Without a starter taller than 6-foot-2, the Dayton Pirates aren't going to strike fear into teams at the opening tip.
Once the game starts, though, they run circles around their opponents, coming at them from every angle.
“We've got five guards on the floor, and I don't know who's going to be the leading scorer every single night,” coach Ron Hop said. “If we do get a guy hot, we'll try to run him off some screens, but we're not running plays for people. I let them play basketball.”
It's been a winning strategy for the Pirates (23-1, 12-0 PacWest Conference), who are No. 2 in the OSAAtoday 3A boys basketball coaches poll. They carry a 22-game winning streak into a conference playoff game Saturday against second-place Amity (16-9, 9-3), outscoring foes by an average of 24.1 points per game.
After graduating the conference player of the year (point guard Benji Hudson) and a first-team all-state tournament selection (Tyler Spink) from last year's semifinal team, it was hard to know what to expect from Dayton this season.
But the Pirates have taken it up a notch, recording wins over No. 1 De La Salle North Catholic, No. 4 Cascade Christian, co-No. 5 Oregon Episcopal, No. 7 Creswell and No. 10 Santiam Christian, as well as defeating two 2A powers in No. 1 Salem Academy and No. 2 Western Christian.
Hop, who has gone 440-136 with three state titles (2012, 2015, 2017) in 21 seasons at Dayton, said he knew this team had the “parts and pieces,” but wasn't sure how it would come together.
“I told the guys, 'To be honest, if you would've told me we were going to be 23-1, with the schedule we had this year, I would've taken it and run in a heartbeat,'” Hop said. “Because we had a super hard schedule. We played everybody that we possibly could. Last year we played all those teams and we didn't beat any of them.”
The Pirates' only setback came in their second game, a 52-42 loss at No. 3 Westside Christian. They led throughout the first half but faded down the stretch.
“We just kind of ran out of gas,” Hop said. “We weren't in shape. I don't spend a lot of time trying to get guys in shape in the first two weeks.”
Dayton returned three full-time starters in junior Boston Hodges (5-10) and seniors Trae Wall (6-2) and Michael Freeborn (6-2) and a part-time starter in senior Lucas Ashley (6-0). The fifth starter is senior Caleb Primbs (5-8).
Freeborn (12.0 points per game), Hodges (11.5 points), Wall (9.0 points), Primbs (8.5 points) and Ashley (8.0 points) lead a balanced offense that is averaging 64.1 points per game, up from 54.6 last season. Unlike last season, when they often deferred to Spink, the Pirates aren't shy about shooting and can catch fire from deep.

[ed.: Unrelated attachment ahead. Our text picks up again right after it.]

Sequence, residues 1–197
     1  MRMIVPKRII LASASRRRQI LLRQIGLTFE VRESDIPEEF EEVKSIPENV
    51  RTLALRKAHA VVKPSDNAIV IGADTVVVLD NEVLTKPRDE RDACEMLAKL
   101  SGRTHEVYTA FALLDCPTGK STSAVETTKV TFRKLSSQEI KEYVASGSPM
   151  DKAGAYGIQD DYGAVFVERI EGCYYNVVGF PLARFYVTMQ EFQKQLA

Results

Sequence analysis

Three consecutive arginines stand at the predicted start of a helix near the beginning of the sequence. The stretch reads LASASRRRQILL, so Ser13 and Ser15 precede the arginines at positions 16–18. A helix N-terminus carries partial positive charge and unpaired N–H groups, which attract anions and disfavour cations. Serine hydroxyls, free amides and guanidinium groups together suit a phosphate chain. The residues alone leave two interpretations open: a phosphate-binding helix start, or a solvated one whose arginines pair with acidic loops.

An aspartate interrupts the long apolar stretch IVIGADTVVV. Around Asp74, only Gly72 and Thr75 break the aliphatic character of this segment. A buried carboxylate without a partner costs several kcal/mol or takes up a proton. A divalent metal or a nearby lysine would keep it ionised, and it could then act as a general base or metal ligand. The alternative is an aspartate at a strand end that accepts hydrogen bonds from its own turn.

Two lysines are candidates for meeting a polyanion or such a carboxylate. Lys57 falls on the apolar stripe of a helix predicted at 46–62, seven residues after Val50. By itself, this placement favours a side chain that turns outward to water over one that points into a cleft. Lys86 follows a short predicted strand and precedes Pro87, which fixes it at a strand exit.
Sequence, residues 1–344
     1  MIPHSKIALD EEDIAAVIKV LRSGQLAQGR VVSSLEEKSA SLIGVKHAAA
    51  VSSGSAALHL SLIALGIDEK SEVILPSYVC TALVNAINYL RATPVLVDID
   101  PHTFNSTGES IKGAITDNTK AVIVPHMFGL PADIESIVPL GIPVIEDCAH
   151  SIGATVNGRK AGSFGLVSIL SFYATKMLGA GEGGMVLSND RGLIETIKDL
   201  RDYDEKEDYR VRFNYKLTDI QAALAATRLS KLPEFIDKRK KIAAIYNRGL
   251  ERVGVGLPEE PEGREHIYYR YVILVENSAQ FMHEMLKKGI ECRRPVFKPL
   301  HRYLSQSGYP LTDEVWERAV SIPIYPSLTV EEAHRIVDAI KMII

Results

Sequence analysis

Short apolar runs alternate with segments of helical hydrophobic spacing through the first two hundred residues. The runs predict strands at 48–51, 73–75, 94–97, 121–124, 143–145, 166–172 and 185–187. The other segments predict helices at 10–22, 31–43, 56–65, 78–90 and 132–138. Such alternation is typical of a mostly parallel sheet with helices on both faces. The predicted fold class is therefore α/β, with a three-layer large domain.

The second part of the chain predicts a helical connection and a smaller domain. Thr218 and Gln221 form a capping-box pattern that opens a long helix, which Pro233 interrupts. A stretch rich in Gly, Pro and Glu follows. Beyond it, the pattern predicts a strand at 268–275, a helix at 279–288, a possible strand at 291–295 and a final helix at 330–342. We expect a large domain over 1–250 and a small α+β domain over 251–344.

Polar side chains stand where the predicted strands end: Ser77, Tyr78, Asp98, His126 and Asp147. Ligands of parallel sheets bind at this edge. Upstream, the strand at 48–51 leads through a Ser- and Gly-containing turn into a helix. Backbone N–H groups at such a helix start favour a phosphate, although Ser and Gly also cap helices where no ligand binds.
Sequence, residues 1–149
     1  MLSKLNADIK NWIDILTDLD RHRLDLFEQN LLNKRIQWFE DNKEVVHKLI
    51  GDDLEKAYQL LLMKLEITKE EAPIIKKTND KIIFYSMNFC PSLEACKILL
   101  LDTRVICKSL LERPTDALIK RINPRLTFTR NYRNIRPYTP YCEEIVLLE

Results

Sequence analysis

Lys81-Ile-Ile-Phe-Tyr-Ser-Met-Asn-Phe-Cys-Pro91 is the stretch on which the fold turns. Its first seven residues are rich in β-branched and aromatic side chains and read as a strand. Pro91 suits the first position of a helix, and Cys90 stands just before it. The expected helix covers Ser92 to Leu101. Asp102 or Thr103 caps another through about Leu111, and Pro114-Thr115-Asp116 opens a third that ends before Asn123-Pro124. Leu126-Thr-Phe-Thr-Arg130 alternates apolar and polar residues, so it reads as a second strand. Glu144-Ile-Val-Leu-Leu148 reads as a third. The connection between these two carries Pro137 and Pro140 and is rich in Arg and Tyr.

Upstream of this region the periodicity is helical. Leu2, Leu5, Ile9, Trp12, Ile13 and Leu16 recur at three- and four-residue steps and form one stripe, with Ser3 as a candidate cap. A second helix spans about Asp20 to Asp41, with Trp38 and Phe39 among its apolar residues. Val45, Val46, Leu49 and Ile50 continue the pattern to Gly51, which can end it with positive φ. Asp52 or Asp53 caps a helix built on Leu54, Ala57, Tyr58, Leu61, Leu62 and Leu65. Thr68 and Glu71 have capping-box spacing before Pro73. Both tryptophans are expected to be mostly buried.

“Last year, I kept telling them, 'Hey, shoot the ball, you're open,'” Hop said. “This year they're not looking to the bench, they're not questioning what we're doing, they're just going out and playing. We knew they all could shoot, they just weren't last year. We shoot as a team way better than we did last year.”
Hop said that Hodges, the quarterback for the state semifinal football team, averages about 20 points in the team's more competitive games, but often comes out early in lopsided wins.
“He's what makes us go,” Hop said. “He has a 38-inch vertical. He's such a great athlete. He's gotten some rebounds over 6-5, 6-6 guys.”
Primbs, a reserve last season, has elevated his game as a starter.
“He's probably our biggest spark as far as confidence,” Hop said. “His confidence has finally gotten to the point where he's not questioning how good he is.”
The Pirates have been holding opponents to 40.0 points per game, down from 44.8 last year. Despite their lack of size, they have been able to hold bigger teams in check. They limited Cascade Christian 7-0 junior Austin Maurer to 14 points and five rebounds in a 57-50 road win over the reigning 3A champion Dec. 21.
“We have plans for guys like that,” Hop said. “We played very well that night. We didn't turn it over, and coming down the stretch we hit some big shots. We were able to get them on somewhat of a flat night.”
Hop said the Pirates have “overachieved to this point” in the season. They don't have the physical dominance of his title teams, but their experience and chemistry should serve them well in the postseason.
“It's going to be tough to beat three of these really, really good teams,” he said. “They all have something that we don't, and that's height. That's always a scary thing. But we do have experience and have been there. Hopefully that will carry us a little ways.
“I like our chances. These guys, when they play well, they're extremely hard to beat. It's fun to watch.”